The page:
Collaborators: 

Collaborating scientists include Dr. Jason Amundsen at University of Alaska Southeast and Dr. Timothy Bartholomaus at University of Idaho.

Lemon Creek Glacier

We apply seismic reflection and refraction methods as well as passive imaging techniques that have been applied successfully in high-arctic environments to image the interior and subglacial properties of Lemon Creek Glacier, part of the Juneau Icefield in Southeast Alaska. Our work serves to elucidate the firn and ice structure, the rheology of the glacier, as well as the basal properties of the glacier. 

 

Dataset:

During June 2017, we acquired a 1-km-long seismic reflection and refraction survey on Lemon Creek Glacier, a 5.7-km-long subarctic mountain glacier in the Juneau Icefield of Southeast Alaska. We used 51 5-Hz Z-Land Fairfield nodal seismometers recording at 1000 Hz and a Betsy Seismic Gun source with 400-grain, 8-gauge blanks. Fairfield nodal seismometers are small, highly-portable sensors that may rapidly be deployed in dense networks in challenging environments. The seismic survey was located in upper portion of the glacier within the accumulation zone, oriented parallel to the flow direction, and approximately followed the glacier’s center line.  In this survey, the receivers were initially spaced at 20-m, and shots were fired between them at 20-m spacing. We fired multiple shots near the ends of the line to allow stacking to enhance the signal. After we recorded the initial active-source survey, we re-deployed the nodes in a regional array across the upper part of the glacier at ~350-m spacing. In mid-July, we fired additional shots adjacent to ~25 of those nodes to provide further constraints on ice thickness.

 

Societal impact:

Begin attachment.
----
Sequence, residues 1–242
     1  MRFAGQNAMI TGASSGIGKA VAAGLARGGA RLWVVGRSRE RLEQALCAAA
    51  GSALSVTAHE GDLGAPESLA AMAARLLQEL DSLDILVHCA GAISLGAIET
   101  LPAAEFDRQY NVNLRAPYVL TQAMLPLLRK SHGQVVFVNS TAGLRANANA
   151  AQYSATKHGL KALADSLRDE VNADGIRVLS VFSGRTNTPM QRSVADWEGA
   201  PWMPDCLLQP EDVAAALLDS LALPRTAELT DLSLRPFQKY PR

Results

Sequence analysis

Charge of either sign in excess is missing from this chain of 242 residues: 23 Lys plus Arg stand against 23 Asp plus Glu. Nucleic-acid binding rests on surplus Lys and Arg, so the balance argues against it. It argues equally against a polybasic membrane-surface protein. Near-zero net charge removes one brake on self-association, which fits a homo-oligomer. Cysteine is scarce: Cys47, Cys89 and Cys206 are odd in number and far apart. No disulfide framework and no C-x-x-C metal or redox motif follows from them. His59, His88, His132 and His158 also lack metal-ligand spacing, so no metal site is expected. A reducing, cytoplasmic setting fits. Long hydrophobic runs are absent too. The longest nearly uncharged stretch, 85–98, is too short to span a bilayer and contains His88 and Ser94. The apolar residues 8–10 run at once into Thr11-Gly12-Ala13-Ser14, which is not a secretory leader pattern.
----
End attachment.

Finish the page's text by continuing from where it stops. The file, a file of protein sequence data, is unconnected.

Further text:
The use of seismology as a means to study glacier dynamics has rapidly expanded in recent years as we seek to better understand the present and future behavior of glaciers in a rapidly changing climate. While smaller in mass than their Antarctic or Greenlandic cousins, sub-arctic mountain glaciers may be particularly vulnerable to rapid changes in climate, making them a worthy target of study. 

 

Publications & Presentations

2018

Labedz, C., Bartholomaus, T., Amundson, J., Gimbert, F., Veitch, S., Karplus, M., Tsai, V., American Geophysical Union Fall Meeting, "Local subglacial hydrologic conditions mapped with glaciohydraulic tremor during an outburst flood at Lemon Creek Glacier, Alaska," American Geophysical Union, Washington DC. (December 2018).

 

Bartholomaus, T., Labedz, C., Amundson, J., Gimbert, F., Veitch, S., Tsai, V., Karplus, M., American Geophysical Union Fall Meeting, "Seismic recordings reveal the timing and extent of subglacial water pressurization," American Geophysical Union, Washington DC. (December 2018).

 

Veitch, S., Karplus, M., Kaip, G. M., Graves, E., Schalk, J., Amundsen, J., Bartholomaus, T., Labedz, C., Tsai, V., Seismological Society of America, "Active-Source Investigations of Lemon Creek Glacier, Alaska, Using Nodal Seismometers and a Betsy Seismic Gun Source," Seismological Society of America, Miami, Florida. (May 15, 2018).

2017

Labedz, C., Bartholomaus, T., Gimbert, F., Amundson, J., Vore, M., Karplus, M., Tsai, V., (2017). Seismic observations of subglacial water discharge from glacier-dammed lake drainage at Lemon Creek Glacier, Alaska.. AGU Fall Meeting.

 

Bartholomaus, T., Labedz, C.*, Amundson, J., Gimbert, F., Tsai, V., Vore, M.*, Karplus, M., (2017). Spatio-temporal evolution of efficient subglacial water discharge at Lemon Creek Glacier, Alaska.. AGU Fall Meeting.

The University of Texas at El Paso

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